The controversial actions of Tamil Nadu Governor RN Ravi have highlighted once again the contentious ties between governors and Opposition state governments. This has for long been a sticking point and was exploited mercilessly by earlier Congress governments at the Centre which dismissed legitimately elected governments at the drop of a hat at the behest of governors. Former CBI and Intelligence Bureau officer Ravi’s decision to omit three crucial paragraphs from the speech prepared by the State Government for his address to the Assembly amounted to overstepping his role as the constitutional and titular head of the state. The Governor’s remit is limited to reading out the speech prepared by the State Government, just as the President, in her customary address to the Budget session of Parliament, reads out the report card of the Union Government prepared by the Government itself. Any deviation from the text will result in a constitutional crisis. Fortunately most Presidents have adhered to the principle of non-interference in affairs of state. Why then are governors so intent on stirring the pot in Opposition-ruled states?
Earlier, career politicians were rarely appointed governors, but nowadays the trend is to appoint those with blatant political beliefs or former bureaucrats known to do the bidding of their political masters. Mr Ravi’s gratuitous pronouncements on Sanatan Dharma and his suggestion that Tamil Nadu be renamed Tamizhagam only made the DMK Government see red. His decision to omit paragraphs in his address relating to the Dravidian model of development prompted Chief Minister MK Stalin to move a resolution against his action, making the Governor walk out in a huff. The row did not end there, with the Governor issuing invitations for a Pongal get-together at the Raj Bhavan where the state was called Tamizhagam instead of Tamil Nadu. The letterhead bore the Central Government’s seal and not the State Government’s emblem.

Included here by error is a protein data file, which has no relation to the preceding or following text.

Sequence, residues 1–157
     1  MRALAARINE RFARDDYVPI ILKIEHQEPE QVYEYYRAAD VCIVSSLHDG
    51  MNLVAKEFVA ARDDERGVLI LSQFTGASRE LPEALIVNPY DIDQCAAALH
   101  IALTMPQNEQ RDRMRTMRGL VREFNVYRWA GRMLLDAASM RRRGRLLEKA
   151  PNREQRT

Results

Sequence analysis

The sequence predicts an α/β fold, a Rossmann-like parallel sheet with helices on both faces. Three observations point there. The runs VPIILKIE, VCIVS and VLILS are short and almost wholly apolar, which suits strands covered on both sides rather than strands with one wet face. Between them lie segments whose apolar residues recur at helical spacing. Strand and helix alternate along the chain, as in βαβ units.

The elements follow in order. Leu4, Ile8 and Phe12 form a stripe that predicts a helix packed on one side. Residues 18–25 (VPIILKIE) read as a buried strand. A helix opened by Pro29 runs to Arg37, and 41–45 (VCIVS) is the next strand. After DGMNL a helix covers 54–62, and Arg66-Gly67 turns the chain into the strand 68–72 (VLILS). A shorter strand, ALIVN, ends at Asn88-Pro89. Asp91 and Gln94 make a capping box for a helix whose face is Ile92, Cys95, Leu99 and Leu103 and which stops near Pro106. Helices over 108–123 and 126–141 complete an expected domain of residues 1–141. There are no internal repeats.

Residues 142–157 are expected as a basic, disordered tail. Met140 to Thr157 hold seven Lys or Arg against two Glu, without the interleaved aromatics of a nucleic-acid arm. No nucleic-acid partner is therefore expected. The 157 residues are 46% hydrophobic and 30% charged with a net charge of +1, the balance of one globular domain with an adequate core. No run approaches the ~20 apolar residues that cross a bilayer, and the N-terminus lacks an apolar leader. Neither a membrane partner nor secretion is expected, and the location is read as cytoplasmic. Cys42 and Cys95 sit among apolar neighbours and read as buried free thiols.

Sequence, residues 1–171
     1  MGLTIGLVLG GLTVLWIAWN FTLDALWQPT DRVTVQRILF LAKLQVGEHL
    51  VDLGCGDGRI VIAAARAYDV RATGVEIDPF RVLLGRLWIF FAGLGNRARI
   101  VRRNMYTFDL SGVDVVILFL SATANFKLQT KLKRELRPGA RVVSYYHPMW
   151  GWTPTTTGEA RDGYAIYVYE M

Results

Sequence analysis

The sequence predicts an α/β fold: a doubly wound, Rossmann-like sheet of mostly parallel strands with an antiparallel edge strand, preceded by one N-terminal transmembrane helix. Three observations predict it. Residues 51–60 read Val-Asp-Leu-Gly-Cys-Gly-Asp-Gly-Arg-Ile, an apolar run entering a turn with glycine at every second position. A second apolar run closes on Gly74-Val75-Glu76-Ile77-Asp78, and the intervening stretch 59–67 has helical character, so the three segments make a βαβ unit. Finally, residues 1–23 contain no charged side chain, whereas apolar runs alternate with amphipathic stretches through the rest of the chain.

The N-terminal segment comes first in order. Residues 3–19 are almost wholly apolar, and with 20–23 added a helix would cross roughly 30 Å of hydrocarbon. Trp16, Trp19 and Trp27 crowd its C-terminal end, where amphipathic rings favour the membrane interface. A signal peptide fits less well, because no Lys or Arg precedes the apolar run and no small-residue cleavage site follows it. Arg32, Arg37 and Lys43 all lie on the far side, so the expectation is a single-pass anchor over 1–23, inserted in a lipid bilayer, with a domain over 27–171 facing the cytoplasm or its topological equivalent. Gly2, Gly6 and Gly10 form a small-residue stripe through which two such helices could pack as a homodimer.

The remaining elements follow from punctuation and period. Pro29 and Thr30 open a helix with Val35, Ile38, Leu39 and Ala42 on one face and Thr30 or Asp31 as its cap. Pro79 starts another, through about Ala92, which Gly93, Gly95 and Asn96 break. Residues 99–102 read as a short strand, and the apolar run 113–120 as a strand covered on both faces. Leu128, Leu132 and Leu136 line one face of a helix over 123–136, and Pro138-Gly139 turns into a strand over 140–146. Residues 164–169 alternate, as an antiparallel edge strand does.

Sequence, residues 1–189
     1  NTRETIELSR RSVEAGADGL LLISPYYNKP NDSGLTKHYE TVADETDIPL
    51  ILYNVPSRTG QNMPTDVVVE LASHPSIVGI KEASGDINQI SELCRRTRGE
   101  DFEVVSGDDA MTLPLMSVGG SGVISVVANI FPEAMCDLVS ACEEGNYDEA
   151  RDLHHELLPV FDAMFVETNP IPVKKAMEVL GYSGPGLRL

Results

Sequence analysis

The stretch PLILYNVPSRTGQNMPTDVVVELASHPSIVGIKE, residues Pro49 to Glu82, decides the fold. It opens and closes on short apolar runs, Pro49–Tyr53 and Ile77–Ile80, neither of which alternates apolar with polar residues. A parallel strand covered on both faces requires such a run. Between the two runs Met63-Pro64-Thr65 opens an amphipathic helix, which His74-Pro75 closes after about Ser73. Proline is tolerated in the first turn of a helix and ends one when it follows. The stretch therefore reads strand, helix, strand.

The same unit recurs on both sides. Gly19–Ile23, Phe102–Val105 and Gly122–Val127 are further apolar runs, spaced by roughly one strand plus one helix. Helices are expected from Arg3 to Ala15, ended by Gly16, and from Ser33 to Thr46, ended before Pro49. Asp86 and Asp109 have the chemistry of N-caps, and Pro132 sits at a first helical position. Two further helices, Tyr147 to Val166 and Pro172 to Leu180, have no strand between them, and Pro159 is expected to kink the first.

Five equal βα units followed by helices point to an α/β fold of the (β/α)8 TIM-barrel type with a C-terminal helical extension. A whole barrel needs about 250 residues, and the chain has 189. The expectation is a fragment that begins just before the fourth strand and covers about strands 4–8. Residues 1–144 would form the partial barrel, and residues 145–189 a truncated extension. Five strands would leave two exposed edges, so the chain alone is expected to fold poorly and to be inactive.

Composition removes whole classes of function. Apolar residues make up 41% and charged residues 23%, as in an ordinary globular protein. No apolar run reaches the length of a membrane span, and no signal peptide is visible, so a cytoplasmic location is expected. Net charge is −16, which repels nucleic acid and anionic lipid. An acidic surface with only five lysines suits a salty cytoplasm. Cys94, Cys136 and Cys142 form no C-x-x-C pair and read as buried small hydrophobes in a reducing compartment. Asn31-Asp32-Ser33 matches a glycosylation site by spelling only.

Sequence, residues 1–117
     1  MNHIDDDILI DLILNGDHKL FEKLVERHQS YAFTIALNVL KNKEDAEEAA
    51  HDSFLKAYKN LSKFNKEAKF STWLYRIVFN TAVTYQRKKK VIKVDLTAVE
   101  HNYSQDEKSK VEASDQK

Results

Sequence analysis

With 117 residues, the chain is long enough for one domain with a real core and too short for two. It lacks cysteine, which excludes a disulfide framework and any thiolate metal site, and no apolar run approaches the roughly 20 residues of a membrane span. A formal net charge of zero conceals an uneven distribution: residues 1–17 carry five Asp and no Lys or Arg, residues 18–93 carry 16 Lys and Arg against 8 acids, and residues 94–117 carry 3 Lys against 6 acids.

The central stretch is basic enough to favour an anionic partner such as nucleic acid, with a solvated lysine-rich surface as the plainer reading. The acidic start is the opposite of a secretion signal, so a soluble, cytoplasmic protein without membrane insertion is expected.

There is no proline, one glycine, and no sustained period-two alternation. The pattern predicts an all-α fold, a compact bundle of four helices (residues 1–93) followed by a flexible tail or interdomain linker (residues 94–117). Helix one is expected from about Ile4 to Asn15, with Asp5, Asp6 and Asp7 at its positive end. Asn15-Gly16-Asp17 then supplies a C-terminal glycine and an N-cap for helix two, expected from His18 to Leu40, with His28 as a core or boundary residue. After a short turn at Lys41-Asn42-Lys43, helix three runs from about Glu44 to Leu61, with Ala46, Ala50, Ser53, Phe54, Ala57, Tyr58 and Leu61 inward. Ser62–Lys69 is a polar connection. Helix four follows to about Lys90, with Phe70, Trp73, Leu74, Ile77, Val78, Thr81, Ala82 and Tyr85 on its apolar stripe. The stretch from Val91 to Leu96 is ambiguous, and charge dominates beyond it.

The rift between the Governor and the DMK Government has been long drawn out with Mr Ravi sitting on a dozen bills cleared by the Assembly. He has not rejected them outright but has simply refused to take any action on them. DMK leaders shooting their mouths off against the Governor has only exacerbated matters. Relations between governors and elected governments have been tense in Kerala, Tamil Nadu and Telangana. The ugly row between the Centre’s representatives and chief ministers does not bode well for democracy.
An endorsement from Nobel laureate Amartya Sen has no doubt boosted Trinamool Congress chief Mamata Banerjee’s ambitions. Her reaction to Mr Sen’s remark that she has the ability to be the country’s Prime Minister is an eye-opener. Mr Sen’s advice is like an order, Ms Banerjee averred, indicating that she was more than ready for the role. However, before any such scenario can be envisaged, there has to be a measure of Opposition unity. The Trinamool may do well in Bengal, but it is unlikely to win seats in other states. The only Opposition party with a pan-India presence remains the Congress and it is highly improbable that the Grand Old Party will cede space to a regional outfit. Any Opposition formation will have to include the Congress, something the astute Nitish Kumar has realised. The overarching ambitions of regional satraps such as Ms Banerjee and Bharat Rashtra Samiti chief K Chandrasekhar Rao leader will remain just that. They can pose a threat to the BJP in their states, but they will be unable to take on the might of the saffron juggernaut in parliamentary polls. Therefore the BJP’s assertion that there is no vacancy for the Prime Minister’s post rings true despite the arrogance of the statement.
There has never been a greater need for Opposition unity than now, but that will need a great deal of statesmanship. Egos will have to be set aside and hard decisions taken for the greater good. The present Opposition set-up is riddled with contradictions and extreme wariness towards the Congress. The latter, despite Rahul Gandhi’s bid for unity in the form of the Bharat Jodo Yatra, is unlikely to give up its position as the principal Opposition party, notwithstanding its poor show at the hustings. A solution seems unlikely in the near future.